By: Vere McHenry

“My parents were members of the Church when I was young, but they were inactive, and neither I nor my two older brothers had been baptized. I attended Arlington Elementary School which was located on State Street at about 5000 South in Murray, and the Murray First Ward on Vine Street at about 200 East. The parking lot to the rear of the ward bordered the back of the school so it was very convenient for LDS kids to walk over to the church for Primary each Tuesday afternoon after school.

I was confirmed a member of the LDS church by Bishop Alma Crane who was also Principal of Bonnyview Elementary School in Murray. (About sixteen years later our lives crossed again when I succeeded Brother Crane as Principal of that school). A little over three months later, Bishop Crane conferred upon me the Aaronic Priesthood and ordained me a Deacon. The Deacon’s adviser at that time was Jess Casper who was the husband of my cousin, Merle Hobbs. They lived in a basement apartment in the home of her parents, my Uncle Ed and Aunt Irene Hobbs at 487 East Vine Street. We had several quorum socials in that home and had some great times.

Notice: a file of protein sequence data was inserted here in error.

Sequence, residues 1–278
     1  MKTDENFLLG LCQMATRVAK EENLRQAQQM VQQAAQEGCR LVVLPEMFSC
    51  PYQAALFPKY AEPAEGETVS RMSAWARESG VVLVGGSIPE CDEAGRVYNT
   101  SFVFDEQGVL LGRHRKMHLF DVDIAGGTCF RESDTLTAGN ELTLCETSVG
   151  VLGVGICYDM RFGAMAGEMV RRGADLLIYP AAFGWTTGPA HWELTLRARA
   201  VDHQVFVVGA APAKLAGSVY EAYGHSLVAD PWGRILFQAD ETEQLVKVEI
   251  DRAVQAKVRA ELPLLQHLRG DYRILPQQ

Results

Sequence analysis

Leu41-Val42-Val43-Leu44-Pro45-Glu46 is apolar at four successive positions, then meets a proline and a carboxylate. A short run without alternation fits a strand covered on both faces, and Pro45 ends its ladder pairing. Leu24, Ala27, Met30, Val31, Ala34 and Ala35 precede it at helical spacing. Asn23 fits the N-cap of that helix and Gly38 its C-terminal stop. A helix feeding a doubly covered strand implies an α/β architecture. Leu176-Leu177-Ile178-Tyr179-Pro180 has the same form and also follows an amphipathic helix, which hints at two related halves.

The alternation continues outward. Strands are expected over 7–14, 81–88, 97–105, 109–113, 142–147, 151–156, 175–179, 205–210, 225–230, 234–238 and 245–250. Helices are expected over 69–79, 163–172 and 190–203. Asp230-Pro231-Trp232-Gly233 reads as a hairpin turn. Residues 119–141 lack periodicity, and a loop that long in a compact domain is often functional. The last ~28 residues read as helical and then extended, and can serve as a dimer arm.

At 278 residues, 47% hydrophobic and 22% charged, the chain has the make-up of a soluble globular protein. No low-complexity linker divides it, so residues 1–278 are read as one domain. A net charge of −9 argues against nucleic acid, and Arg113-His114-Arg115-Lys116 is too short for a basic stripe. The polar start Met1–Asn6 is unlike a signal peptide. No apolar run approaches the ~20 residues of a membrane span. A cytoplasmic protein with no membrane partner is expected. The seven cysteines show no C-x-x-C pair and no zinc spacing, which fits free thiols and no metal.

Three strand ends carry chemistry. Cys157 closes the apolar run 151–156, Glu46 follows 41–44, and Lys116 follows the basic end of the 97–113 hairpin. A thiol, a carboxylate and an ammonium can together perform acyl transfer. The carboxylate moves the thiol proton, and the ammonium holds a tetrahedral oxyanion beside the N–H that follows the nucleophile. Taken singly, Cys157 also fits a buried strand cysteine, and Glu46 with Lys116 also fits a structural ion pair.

We had some great members of our quorum, including my old friends Doug Allen and Bob Born, and my new ones, Glen Tuckett, Carl Erickson, Hal Marsden, and Ken Westover. As I got to know them better in both church and school, my circle of friends changed dramatically.

Sometime during my tenure as a deacon, the Murray First Ward was divided, and I and most of my close friends became part of the new Murray ward with Dr. Warren Wright, a local dentist, as Bishop who ordained me a teacher on January 17, 1943. We continued to share the same building with Murray First Ward on alternate schedules until the new Third Ward building was completed.

Today the building that housed the Murray First Ward is vacant. It came near to being destroyed to make way for commercial development except for the efforts of a group of citizens who recognized its historical significance and envisioned the possibility of restoring it and converting it into an appropriate monument to the city’s past. Such a movement is currently underway, and I offer my personal best wishes and support.”